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Turkey ready to join US to recapture Raqqa

Turkey is in favour of joint military action with the US to capture the Syrian city of Raqqa from Daesh, the country's President Recep Tayyip Erdogan said.

Speaking to reporters on his way back from the G20 summit, Erdogan said that Turkey was open to the idea reportedly floated by US President Barack Obama to recapture Daesh's de facto Syrian capital.

Reuters reported that the conversation to capture Raqqa was mooted in a conversation on the sidelines of the G20 meeting in China with Obama, Russian President Vladimir Putin and other world leaders.

"We stated that [joint action] would not be a problem from our perspective. We said, 'Let our soldiers come together, whatever is necessary will be done'," Erdogan said.

The Syrian conflict began in 2011 after pro-democracy demonstrations were violently dispersed by President Bashar Al-Assad.

Iran has supported Al-Assad since the start of the war, alongside its Shia proxies such as the Lebanese Hezbollah

Separately, Erdogan also called for international support for a 40 mile "safe zone" in Syria along Turkey's border that will incorporate a no-fly zone. However, this was rebuffed in comments made yesterday by Obama's national security adviser, Ben Rhodes.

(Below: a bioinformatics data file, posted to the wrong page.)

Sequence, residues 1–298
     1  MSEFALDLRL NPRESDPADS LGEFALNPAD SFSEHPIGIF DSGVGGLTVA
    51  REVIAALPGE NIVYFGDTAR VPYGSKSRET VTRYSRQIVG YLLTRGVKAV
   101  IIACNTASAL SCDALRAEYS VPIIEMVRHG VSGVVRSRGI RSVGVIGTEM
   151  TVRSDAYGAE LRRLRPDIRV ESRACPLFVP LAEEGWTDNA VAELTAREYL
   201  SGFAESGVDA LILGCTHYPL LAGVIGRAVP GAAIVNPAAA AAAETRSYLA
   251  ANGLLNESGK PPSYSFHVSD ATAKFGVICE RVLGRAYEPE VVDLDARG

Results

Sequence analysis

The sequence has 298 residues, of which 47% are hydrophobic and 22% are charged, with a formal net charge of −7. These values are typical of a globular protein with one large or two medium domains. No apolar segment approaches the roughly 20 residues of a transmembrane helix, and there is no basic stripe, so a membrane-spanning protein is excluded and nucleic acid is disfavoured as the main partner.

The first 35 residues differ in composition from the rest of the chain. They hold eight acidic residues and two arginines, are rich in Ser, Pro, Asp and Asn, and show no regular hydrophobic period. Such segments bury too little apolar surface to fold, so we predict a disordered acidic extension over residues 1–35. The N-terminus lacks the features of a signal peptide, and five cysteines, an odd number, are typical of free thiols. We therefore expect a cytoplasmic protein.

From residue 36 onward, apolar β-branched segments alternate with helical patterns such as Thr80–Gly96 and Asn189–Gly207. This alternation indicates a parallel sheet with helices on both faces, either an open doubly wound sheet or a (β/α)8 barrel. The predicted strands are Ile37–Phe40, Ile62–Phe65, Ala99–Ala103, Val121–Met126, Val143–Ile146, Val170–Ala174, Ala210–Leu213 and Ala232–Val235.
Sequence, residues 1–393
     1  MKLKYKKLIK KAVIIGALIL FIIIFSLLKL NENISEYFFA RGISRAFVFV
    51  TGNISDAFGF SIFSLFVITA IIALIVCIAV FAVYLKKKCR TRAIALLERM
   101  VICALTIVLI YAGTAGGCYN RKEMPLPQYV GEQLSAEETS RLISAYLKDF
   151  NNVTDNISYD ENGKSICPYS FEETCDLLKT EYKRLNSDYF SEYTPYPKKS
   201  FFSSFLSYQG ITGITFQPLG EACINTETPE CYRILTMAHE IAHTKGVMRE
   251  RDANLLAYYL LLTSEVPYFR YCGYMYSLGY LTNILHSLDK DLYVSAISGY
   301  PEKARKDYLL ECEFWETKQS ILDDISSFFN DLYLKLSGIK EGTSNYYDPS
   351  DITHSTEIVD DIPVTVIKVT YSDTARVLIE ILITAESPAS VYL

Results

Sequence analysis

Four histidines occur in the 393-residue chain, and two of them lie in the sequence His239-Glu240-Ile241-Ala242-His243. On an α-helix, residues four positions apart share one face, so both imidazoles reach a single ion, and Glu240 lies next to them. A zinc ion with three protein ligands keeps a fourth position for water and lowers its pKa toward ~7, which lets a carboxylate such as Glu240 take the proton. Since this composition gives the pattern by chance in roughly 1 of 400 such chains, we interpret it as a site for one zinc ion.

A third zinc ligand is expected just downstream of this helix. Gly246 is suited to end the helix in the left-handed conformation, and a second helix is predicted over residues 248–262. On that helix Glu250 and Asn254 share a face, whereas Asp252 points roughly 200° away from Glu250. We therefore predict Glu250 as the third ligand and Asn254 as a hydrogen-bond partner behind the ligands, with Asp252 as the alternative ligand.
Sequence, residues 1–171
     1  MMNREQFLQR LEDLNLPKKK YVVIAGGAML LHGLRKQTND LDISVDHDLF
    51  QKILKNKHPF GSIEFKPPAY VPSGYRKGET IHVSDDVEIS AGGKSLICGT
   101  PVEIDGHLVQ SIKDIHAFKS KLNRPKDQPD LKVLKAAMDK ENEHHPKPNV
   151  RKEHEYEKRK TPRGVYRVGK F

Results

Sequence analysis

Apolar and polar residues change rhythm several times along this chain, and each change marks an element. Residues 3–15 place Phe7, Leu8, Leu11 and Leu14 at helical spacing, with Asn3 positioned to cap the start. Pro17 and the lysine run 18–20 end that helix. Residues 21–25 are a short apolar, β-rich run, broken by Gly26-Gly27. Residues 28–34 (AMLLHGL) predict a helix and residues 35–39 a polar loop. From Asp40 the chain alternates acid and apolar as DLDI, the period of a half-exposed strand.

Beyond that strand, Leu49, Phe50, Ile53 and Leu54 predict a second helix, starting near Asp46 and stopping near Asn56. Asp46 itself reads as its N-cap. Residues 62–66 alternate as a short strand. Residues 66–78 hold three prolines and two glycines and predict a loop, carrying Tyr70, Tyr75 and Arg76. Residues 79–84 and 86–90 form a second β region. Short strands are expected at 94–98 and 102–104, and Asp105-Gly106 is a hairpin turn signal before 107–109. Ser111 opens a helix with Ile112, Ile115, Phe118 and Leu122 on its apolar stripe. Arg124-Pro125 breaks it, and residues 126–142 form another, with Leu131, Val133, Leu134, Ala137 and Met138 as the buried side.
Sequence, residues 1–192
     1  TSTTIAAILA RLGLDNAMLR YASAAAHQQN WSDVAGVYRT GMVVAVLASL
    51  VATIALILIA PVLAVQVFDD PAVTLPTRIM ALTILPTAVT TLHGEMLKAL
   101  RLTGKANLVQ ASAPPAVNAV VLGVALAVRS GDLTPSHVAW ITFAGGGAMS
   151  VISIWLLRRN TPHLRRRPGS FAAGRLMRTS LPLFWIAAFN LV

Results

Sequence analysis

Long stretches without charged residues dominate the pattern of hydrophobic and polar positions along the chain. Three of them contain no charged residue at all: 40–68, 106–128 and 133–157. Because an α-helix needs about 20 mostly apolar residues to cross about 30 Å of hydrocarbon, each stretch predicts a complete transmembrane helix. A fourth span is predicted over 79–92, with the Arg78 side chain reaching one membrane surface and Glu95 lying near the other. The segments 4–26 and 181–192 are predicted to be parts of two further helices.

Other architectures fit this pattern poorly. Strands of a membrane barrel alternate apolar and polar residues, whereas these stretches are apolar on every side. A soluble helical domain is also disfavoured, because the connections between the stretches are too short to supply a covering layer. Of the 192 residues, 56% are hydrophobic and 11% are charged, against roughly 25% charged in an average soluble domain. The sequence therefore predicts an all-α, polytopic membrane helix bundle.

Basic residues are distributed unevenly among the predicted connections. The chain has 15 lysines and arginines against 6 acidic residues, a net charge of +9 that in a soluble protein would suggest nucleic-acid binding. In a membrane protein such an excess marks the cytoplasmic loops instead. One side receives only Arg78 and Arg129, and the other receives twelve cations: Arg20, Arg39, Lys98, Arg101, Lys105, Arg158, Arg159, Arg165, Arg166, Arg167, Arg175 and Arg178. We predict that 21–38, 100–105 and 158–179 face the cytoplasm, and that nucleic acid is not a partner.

"A no-fly zone would necessarily be contained to one specific area, and we have problems and violence across [Syria]," Rhodes said.

In addition to dealing with the fallout from the failed coup last July, Erdogan launched an offensive into Syria against Daesh and Kurdish militants of the People's Protection Units (YPG) and Democratic Union Party (PYD) two weeks ago in order to secure the Turkish-Syrian border.

A major sticking point in any future joint action between the two NATO allies will be their opposing views on Kurdish groups in Syria.

Although Washington supports the YPG and PYD against Daesh, Ankara considers the Kurdish militants to be the Syrian franchise of the Kurdistan Workers' Party (PKK), separatists who have fought a bloody insurgency in Turkey for over three decades.

The PKK are considered by Turkey, the US and the EU to be a terrorist organisation.

Asia & AmericasEurope & RussiaMiddle EastNewsSyriaTurkeyUS
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